You donâ€™t have to have a degree to design
Iâ€™m David Kadavy, the guy behind this design course. Iâ€™ve been a part of this seemingly secret society of designers. I got my degree in Graphic Design, and I even won super-prestigious fancy-pants international awards for my work.
After systematically honing my design skills to deliver in the fast-paced grinders that are Silicon Valley startups, I decided to â€śopen sourceâ€ť visual design. So, I wrote a book called Design for Hackers to break down the fundamentals of good design.
Finally, developers and programmers had a way to think about design that made sense for their brains. They were so hungry for this knowledge, D4H debuted in the top 20 on all of Amazon. My puny little â€śhackerâ€ť book was outselling Dick Cheney!
The readers Iâ€™ve talked to have learned how to design better, faster, and with more confidence in their decisions. Iâ€™ve talked to whole teams, in fact, who have stopped burning everyoneâ€™s time arguing arbitrarily in design meetings. They finally have a common vocabulary with which to make decisions and move on!
The one complaint Iâ€™ve heard over and over again from my readers, though, is that they struggle with having the time and the motivation to actually face design head-on and add that coveted â€śdesign proâ€ť arrow to their quivers, once and for all.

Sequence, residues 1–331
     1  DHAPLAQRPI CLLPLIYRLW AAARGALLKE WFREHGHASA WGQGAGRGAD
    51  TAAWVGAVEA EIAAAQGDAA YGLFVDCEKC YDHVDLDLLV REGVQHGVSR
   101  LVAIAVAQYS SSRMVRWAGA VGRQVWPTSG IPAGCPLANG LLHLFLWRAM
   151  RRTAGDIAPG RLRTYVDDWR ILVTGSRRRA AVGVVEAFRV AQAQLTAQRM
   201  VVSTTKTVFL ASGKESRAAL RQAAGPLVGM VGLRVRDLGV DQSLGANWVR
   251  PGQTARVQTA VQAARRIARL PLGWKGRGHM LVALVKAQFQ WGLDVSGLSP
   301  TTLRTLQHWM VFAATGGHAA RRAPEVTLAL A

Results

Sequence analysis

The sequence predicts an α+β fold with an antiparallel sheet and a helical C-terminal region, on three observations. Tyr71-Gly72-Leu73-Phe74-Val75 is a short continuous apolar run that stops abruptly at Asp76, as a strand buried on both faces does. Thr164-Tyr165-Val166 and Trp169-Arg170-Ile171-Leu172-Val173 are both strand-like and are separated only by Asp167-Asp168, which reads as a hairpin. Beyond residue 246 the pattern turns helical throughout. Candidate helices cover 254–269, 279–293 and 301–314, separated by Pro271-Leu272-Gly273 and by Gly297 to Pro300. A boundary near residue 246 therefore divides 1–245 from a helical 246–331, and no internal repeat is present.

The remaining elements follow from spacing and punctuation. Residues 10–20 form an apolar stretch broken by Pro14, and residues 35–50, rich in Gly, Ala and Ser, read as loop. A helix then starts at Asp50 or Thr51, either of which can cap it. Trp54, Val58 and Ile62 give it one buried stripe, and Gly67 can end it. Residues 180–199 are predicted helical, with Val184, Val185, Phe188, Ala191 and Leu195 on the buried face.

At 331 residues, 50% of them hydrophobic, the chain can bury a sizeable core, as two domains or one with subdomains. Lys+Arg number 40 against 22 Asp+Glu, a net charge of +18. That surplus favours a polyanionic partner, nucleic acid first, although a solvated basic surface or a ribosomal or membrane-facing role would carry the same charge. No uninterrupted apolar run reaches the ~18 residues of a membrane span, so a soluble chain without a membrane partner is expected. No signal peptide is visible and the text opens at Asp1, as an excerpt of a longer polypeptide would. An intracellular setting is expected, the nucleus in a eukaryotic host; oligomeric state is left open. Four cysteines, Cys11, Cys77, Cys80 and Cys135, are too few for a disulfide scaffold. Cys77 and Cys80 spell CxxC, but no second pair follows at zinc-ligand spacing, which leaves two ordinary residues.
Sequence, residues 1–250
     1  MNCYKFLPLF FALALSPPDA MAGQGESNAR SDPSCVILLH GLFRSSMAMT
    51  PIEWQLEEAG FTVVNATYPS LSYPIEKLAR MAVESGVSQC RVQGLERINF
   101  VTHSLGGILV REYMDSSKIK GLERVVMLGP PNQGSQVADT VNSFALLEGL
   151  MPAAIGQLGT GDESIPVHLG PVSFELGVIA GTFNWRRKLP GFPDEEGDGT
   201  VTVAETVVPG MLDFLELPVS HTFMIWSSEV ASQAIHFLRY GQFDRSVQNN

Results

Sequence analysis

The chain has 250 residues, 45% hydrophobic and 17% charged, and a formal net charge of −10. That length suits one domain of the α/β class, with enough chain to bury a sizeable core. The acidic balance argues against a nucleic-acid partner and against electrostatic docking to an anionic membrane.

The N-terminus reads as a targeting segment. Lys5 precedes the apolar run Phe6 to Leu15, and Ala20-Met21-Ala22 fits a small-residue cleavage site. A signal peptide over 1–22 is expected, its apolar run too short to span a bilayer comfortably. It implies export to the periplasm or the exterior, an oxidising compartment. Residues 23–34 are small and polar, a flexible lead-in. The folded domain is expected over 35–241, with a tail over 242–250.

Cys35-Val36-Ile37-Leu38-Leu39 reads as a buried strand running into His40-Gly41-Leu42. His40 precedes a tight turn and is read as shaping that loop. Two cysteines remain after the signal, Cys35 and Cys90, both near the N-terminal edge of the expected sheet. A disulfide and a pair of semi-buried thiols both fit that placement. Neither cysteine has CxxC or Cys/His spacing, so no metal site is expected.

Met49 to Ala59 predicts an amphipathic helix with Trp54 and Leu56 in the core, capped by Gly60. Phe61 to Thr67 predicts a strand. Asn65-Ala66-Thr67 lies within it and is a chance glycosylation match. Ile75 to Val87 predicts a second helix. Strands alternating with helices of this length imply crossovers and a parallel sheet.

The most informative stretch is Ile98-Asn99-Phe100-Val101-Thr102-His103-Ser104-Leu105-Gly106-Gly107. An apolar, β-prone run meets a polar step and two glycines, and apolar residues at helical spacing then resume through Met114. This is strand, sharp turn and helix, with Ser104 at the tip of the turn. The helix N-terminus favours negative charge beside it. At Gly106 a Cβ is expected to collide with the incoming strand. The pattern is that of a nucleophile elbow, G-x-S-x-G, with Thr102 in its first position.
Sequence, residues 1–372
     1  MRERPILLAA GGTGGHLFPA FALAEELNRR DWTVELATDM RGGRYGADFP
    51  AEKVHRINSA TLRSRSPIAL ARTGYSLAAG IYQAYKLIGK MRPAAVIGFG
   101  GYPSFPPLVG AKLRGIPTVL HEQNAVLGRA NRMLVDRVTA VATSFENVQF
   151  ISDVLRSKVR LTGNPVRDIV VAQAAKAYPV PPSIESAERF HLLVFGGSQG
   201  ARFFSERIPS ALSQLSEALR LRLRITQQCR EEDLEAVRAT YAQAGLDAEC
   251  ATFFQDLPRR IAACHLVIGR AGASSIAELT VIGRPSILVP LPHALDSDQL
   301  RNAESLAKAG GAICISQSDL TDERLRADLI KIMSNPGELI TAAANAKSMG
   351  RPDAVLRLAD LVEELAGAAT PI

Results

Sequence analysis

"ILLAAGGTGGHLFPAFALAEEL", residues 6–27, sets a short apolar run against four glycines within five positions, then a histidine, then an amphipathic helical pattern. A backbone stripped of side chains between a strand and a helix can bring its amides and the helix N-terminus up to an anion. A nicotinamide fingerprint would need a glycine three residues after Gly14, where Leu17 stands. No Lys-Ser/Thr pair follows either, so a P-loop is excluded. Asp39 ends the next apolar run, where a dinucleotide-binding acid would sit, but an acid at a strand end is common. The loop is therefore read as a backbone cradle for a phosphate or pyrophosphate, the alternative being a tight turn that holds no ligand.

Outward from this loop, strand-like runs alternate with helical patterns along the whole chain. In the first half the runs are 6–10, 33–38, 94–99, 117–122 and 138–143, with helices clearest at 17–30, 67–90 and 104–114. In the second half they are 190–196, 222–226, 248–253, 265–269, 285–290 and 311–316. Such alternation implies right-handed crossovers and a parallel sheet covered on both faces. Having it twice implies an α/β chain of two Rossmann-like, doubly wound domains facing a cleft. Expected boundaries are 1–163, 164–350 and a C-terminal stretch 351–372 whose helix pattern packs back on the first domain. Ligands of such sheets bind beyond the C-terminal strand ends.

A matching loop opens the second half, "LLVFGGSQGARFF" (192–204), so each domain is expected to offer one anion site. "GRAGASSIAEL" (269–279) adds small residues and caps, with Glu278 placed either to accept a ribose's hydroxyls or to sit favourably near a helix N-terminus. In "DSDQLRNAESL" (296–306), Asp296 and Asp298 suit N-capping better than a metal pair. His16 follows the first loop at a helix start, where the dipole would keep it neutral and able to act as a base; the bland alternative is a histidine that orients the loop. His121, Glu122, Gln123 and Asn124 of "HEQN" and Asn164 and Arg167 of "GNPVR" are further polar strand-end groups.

Youâ€™ll learn design in easy-to-digest videos like this one on Visual Hierarchy.
Lite Package The Design for Hackers approach to design, condensed into 20 information-packed lectures
Whether you fear the blank canvas, or cringe whenever you get client feedback, the solution is to know your stuff when it comes to design.
D4H Video Lite arms you with an understanding of every little piece that comes together to make great design. Stop the guesswork, and start the know-work.
Design isnâ€™t just for â€ścreativesâ€ť
Many people (even designers) believe the myth that visual design is only for â€śvisual thinkers,â€ť â€ścreatives,â€ť or artists. The truth is, just like programming, math, and language, great design is simply a combination of key parts. Once you break down and understand these elements, you can put them together in a way that makes sense.
You donâ€™t need a 4-year degree or a 300-page textbook to decipher and create beautiful design. Just learning the essential, actionable elements of design will transform how you view everything you see around you. Plus, youâ€™ll know exactly where to start when staring down a looming project.
D4H Video is specifically designed to make the most of your precious time. Iâ€™ve condensed the concepts from Design for Hackers down to the essentials. Learn the most important elements of the D4H approach in videos that are around 5 minutes apiece, packed with up-to-date examples.
The core of the course is the Lite Package, which breaks down every little factor that comes together to create great design. The course is divided up into three modules and 20 lectures, to help you focus on each of those pieces one at a time.